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Conventional versus developing processes of phosphatic clay disposal: a technical evaluation.
McLendon-JT; Boyle-JR Jr.; Sweeney-JW
Tuscaloosa, AL: U.S. Department of the Interior, Bureau of Mines, B 676, 1984 Jan; :1-28
The proper disposition of phosphatic clays has been the subject of research and debated for years by phosphate proudcers, state and federal reserach agenices, regulatory authorities, and environmentalists. Twenty impoundment sites were investigated by the Bureau of Mines using geotechnical methods and laboratory analysis of cored samples. In addition, quasi-static cone penetrometer soundings were conducted to define clay and/or sand- clay interfaces en masse. Samples of the top, middle, and bottom hole segments were obtained at each station for laboratory studies of clay densities, pore fluids, plasticity, and mineralogical properties. The results of this study support the continued use of initial clay settling impoundments but emphasize the need for "in- line" systems to reduce the initial volumes of plant-generated phosphatic clays. The effective use of sand tailings is also encouraged to promote further consolidation of clays via self-weight stressing, sand caps.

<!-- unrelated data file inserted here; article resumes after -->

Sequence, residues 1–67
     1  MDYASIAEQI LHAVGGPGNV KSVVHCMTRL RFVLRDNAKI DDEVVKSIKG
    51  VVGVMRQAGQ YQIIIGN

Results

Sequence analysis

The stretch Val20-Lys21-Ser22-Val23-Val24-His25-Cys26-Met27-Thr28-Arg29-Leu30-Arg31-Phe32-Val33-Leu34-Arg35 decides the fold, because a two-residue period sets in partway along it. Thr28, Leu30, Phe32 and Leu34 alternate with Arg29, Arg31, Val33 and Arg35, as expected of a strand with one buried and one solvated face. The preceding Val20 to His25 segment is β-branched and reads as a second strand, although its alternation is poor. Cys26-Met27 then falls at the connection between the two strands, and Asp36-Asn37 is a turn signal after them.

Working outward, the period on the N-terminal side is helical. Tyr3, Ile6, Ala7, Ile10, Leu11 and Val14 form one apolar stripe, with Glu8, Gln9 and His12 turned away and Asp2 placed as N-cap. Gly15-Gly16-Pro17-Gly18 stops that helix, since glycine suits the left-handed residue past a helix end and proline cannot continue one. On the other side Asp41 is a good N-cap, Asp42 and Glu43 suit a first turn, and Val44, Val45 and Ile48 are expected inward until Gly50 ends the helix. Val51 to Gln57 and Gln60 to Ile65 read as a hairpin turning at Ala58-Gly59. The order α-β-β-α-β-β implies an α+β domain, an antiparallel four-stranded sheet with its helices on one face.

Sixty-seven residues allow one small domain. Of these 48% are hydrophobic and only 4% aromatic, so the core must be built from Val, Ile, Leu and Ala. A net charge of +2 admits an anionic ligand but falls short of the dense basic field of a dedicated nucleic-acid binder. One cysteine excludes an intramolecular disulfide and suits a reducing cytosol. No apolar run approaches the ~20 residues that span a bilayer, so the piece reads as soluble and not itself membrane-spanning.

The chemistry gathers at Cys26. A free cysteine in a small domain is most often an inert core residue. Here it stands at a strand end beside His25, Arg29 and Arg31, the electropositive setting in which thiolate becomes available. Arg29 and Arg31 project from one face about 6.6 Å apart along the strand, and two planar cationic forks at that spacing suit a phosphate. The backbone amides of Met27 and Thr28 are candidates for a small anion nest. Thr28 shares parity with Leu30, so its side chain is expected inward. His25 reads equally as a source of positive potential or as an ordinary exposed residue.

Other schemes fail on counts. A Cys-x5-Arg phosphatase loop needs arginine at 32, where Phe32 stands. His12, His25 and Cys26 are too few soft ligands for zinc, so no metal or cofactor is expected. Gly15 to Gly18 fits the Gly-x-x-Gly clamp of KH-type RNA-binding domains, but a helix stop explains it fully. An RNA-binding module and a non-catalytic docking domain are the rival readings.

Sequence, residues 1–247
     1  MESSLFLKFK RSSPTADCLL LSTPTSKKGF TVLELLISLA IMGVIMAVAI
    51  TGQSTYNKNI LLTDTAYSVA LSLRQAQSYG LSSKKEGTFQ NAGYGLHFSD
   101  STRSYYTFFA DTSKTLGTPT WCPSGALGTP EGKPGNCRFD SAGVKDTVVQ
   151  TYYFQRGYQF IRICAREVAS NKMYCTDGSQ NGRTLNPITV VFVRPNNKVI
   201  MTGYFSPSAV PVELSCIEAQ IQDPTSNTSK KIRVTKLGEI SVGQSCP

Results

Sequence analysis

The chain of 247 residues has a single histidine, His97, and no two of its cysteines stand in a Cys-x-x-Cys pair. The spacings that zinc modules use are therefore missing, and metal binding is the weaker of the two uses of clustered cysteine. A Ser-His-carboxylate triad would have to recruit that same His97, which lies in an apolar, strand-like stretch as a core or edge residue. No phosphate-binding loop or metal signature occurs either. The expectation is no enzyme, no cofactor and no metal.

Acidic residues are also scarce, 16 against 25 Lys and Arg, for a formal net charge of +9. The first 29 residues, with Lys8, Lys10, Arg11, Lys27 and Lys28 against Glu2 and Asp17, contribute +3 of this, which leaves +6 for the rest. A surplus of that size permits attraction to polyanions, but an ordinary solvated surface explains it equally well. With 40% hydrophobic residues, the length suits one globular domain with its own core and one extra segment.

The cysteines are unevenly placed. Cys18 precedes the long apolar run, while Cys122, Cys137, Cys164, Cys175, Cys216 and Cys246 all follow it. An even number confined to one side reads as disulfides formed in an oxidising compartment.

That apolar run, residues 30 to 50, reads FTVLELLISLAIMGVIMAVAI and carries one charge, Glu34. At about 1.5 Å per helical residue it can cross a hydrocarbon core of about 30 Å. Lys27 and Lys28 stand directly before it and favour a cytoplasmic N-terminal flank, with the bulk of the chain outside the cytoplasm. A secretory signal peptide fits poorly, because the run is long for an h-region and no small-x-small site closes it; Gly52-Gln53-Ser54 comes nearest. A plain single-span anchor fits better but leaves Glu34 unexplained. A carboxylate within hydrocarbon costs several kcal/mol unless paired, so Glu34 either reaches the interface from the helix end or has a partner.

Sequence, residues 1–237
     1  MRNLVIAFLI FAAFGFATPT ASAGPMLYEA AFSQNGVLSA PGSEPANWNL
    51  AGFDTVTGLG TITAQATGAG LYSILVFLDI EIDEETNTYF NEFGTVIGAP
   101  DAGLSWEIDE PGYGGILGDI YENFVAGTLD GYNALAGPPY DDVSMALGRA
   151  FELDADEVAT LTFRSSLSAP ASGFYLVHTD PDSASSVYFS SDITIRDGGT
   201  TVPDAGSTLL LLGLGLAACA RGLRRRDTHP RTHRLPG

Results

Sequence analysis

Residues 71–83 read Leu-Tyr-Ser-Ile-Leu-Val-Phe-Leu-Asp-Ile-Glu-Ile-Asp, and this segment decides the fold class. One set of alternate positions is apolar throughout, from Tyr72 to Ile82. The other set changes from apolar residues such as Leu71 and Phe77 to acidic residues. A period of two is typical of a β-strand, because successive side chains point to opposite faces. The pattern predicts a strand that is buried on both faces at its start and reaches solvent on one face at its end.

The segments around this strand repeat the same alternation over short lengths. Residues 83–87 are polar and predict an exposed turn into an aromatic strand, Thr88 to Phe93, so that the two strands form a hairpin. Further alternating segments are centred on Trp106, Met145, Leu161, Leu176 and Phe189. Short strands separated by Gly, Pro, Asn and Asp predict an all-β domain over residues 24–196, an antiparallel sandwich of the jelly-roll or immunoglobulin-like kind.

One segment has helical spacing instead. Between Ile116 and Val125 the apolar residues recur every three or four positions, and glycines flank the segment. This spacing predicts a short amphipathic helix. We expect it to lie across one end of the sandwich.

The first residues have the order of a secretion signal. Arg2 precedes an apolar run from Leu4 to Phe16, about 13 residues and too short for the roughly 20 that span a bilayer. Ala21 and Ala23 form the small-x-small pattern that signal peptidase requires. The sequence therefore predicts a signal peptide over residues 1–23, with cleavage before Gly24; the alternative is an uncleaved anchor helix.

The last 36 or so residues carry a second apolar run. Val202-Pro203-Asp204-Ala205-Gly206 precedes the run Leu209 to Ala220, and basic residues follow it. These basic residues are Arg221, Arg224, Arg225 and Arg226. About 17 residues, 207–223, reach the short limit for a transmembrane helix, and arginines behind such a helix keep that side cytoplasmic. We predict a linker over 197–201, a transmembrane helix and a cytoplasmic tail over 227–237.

Clays; Tailings; Waste-disposal; Phosphate-deposits; Settling; Solid-waste-disposal
NTIS Accession No.
Tuscaloosa, AL: U.S. Department of the Interior, Bureau of Mines, B 676
Page last reviewed: April 12, 2019
Content source: National Institute for Occupational Safety and Health Education and Information Division